BUS452 Corruption - Incentives, Disclosure and Liability
This course aims at enhancing students' understanding of the phenomenon of corruption, the problem's persistence, its consequences, and the strengths and weaknesses of various strategies to deal with it. It is a course in applied economics with an emphasis on criminal law and moral choice, and students will learn about corruption risks, institutional challenges, legal regulation and the role of compliance systems. Corruption is associated with legal grey zones and challenging conflicts of interest. The topics addressed demand ethical reflection around individual and institutional choices and the broader consequences of alternative strategies. The course is relevant for the private and the public sector, future leaders, advisers, accountants, board members, investigators and researchers alike. The lectures will describe empirical results, economic theory and criminal law with a heavy use of examples and facts about law enforcement problems, at the national and international level.
By the end of this course, students will be able to
- distinguish different forms of corruption
- explain why corruption distorts markets and hinders development
- describe the landscape of anticorruption strategies and institutions and judge their strengths and weaknesses
- explain the function of criminal justice systems in controlling corruption and shaping social norms
- understand the concept of compliance systems in private and public organizations and its norm-generating function
- gauge corruption risks in a market, government sector or organization
- describe different players¿ opportunity to reduce the risk of corruption in various contexts
- examine the causes of suspected corruption
- understand the ethical dilemmas associated with corruption and become better prepared for confronting them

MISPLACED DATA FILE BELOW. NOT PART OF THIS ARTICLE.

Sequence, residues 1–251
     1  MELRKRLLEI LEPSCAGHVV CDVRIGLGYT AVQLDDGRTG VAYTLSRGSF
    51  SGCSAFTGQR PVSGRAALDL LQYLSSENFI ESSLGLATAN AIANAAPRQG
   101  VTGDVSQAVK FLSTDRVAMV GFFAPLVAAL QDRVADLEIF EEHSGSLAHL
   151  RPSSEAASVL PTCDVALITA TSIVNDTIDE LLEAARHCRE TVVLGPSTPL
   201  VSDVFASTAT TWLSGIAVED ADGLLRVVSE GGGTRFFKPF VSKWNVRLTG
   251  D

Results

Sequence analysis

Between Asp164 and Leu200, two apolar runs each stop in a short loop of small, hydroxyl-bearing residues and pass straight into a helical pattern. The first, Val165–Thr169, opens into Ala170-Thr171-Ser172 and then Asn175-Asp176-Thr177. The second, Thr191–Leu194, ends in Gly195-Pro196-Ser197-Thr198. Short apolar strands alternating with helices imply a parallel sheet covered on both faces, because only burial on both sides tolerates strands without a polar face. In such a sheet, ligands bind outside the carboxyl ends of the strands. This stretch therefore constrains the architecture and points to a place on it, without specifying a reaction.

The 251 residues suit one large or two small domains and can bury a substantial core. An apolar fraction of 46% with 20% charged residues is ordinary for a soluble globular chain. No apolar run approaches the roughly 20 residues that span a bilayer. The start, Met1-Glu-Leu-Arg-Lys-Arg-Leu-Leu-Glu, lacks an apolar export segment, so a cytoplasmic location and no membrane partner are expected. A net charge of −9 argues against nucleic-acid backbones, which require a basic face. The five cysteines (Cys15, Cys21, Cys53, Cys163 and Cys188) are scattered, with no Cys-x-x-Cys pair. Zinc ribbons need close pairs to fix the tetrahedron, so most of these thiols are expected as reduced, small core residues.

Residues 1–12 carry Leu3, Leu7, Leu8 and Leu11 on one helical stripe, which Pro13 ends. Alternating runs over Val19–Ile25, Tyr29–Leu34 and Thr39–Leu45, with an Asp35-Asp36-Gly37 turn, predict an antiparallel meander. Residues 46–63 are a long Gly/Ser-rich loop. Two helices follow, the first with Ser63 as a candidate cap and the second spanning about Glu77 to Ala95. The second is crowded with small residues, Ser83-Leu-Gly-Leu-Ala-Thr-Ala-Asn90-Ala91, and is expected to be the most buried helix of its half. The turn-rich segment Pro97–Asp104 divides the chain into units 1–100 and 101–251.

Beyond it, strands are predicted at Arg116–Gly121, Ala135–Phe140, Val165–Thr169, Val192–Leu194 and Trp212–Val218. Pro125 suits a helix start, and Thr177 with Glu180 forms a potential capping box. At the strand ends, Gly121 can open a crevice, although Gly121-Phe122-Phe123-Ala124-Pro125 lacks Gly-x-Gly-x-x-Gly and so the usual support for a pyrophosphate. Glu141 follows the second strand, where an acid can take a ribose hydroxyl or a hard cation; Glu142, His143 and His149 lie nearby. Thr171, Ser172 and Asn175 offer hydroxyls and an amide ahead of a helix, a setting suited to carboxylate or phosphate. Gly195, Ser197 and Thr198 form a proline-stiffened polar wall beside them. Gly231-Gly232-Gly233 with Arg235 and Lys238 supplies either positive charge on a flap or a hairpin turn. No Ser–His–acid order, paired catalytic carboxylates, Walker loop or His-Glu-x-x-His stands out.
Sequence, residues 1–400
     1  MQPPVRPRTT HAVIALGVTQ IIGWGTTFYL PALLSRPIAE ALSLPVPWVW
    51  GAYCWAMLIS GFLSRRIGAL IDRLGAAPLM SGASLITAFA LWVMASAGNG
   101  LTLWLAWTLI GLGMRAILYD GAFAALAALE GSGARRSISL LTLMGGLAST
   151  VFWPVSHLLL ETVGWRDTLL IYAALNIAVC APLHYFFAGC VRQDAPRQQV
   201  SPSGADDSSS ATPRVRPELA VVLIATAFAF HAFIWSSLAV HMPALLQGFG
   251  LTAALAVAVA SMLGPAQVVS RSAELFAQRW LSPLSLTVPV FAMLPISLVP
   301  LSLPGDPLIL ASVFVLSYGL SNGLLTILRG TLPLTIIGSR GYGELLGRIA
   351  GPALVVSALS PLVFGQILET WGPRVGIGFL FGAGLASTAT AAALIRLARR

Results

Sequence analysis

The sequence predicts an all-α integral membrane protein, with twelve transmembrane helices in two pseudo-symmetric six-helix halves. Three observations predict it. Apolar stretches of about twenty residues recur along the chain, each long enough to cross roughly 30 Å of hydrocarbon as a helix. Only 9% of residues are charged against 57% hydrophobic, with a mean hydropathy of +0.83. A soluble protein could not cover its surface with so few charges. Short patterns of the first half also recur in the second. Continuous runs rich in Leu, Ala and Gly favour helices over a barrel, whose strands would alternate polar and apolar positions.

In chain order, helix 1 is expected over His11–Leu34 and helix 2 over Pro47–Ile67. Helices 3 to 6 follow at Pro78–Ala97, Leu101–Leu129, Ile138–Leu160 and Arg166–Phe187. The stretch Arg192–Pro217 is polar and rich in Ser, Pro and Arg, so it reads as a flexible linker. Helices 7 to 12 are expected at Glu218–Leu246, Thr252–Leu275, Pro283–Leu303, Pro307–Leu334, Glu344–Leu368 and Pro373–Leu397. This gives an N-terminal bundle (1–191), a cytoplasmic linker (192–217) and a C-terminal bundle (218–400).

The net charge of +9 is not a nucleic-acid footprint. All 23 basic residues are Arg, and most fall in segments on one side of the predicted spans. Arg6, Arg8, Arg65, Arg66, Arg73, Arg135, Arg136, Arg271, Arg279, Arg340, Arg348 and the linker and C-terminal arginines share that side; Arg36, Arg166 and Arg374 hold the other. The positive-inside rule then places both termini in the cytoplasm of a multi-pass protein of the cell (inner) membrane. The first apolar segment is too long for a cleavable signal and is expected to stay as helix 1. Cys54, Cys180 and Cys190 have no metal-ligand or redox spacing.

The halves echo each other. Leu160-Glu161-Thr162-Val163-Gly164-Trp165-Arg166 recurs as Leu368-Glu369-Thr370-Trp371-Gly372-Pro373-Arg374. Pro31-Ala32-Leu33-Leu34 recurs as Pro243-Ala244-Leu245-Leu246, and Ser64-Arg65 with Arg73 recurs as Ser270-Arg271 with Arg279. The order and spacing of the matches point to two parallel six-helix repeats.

- debate the role and ethical responsibility of international players in corruption and anticorruption
Lectures, one individual mandatory assignment, one group assignment, dilemma-training in separate work sessions, debates in class
Around 60 students will be offered to participate in NHH-financed excursion to either Georgia or Ukraine (30 students for each country). This is a voluntary arrangement. Participation in the excursion will give students a deeper understanding of corruption-related challenges. It should not give them significant benefit at the written exam.
Prior familiarity with law, micro-economics, and corruption cases will come into use.
Requirements for course approval
Two mandatory assignments: one individual and one group assignment
4 hours written school exam.
One book plus articles, reports and cases
Book: Søreide, T. 2016. Corruption and Criminal Justice: Bridging Economic and Legal Perspectives, Edw. Elgar Publishing (two first chapters will be made available on the course website)
Apart from the book, all articles and cases will be provided on the course website.
- ECTS Credits
- Teaching language
Spring. Offered spring 2019.
Professor Tina Søreide, Department of accounting, auditing and law